Think Smart, Play Dumb: Analyzing Deception in Hardware Trojan Detection Using Game Theory

In recent years, integrated circuits (ICs) have become
significant for various industries and their security has
been given greater priority, specifically in the supply chain.
Budgetary constraints have compelled IC designers to offshore manufacturing to third-party companies. When the designer gets the manufactured ICs back, it is imperative to test for potential threats like hardware trojans (HT). In this paper, a novel multilevel game-theoretic framework is introduced to analyze the interactions between a malicious IC manufacturer and the tester. In particular, the game is formulated as a non-cooperative, zerosum, repeated game using prospect theory (PT) that captures different players’ rationalities under uncertainty. The repeated game is separated into a learning stage, in which the defender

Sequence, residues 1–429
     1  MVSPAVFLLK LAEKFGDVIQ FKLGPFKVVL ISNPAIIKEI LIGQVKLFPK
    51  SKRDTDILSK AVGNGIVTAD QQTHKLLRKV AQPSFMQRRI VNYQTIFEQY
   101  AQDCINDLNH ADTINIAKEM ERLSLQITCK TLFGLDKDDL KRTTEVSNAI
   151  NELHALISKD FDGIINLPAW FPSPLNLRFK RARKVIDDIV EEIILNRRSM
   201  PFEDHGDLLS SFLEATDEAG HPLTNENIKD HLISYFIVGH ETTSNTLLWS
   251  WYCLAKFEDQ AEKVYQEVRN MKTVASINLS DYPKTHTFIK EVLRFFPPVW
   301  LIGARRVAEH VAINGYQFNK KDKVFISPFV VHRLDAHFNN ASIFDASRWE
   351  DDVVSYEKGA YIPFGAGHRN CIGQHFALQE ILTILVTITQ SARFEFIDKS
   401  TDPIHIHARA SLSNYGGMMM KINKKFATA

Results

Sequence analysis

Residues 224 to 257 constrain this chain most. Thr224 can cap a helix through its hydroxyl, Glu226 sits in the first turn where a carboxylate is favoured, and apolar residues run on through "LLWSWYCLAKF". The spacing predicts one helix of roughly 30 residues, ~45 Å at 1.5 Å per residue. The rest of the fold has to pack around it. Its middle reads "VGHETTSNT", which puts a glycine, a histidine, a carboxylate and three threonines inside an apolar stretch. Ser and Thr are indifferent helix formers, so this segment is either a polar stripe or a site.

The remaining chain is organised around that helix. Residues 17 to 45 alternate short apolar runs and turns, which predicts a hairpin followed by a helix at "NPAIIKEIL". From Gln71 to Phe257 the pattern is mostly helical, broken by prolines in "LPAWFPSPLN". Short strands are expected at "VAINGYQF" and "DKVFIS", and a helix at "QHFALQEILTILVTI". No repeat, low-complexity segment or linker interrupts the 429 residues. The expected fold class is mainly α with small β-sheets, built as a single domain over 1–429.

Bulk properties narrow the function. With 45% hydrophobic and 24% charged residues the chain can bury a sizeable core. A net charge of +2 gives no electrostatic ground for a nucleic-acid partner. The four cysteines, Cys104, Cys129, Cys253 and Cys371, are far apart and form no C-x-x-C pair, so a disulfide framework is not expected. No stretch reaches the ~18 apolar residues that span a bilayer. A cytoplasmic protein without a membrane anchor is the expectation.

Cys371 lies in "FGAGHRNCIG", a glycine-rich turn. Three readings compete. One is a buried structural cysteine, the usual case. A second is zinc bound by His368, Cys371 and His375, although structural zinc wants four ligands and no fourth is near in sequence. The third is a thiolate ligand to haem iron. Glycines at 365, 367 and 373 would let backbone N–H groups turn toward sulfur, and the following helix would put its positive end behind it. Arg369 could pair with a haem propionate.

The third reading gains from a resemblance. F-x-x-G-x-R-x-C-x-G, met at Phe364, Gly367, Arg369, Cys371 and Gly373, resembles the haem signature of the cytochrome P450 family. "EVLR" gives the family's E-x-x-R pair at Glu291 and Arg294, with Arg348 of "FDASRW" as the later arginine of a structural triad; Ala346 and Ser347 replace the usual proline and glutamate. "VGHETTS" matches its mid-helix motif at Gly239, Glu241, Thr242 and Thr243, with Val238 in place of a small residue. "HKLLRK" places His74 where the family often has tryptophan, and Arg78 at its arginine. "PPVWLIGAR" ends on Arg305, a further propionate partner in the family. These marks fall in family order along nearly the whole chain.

learns about the attacker’s tendencies, and an actual game stage, where this learning is used. Experiments show great incentive for the attacker to deceive the defender about their actual rationality by “playing dumb” in the learning stage (deception). This scenario is captured using hypergame theory to model the attacker’s view of the game. The optimal deception rationality of the attacker is analytically derived to maximize utility gain. For the defender, a first-step deception mitigation process is proposed to thwart the effects of deception. Simulation results show that the attacker can profit from the deception as it can successfully insert HTs in the manufactured ICs without being detected.

This paper has been accepted for publication in IEEE Cyber Science Conference 2020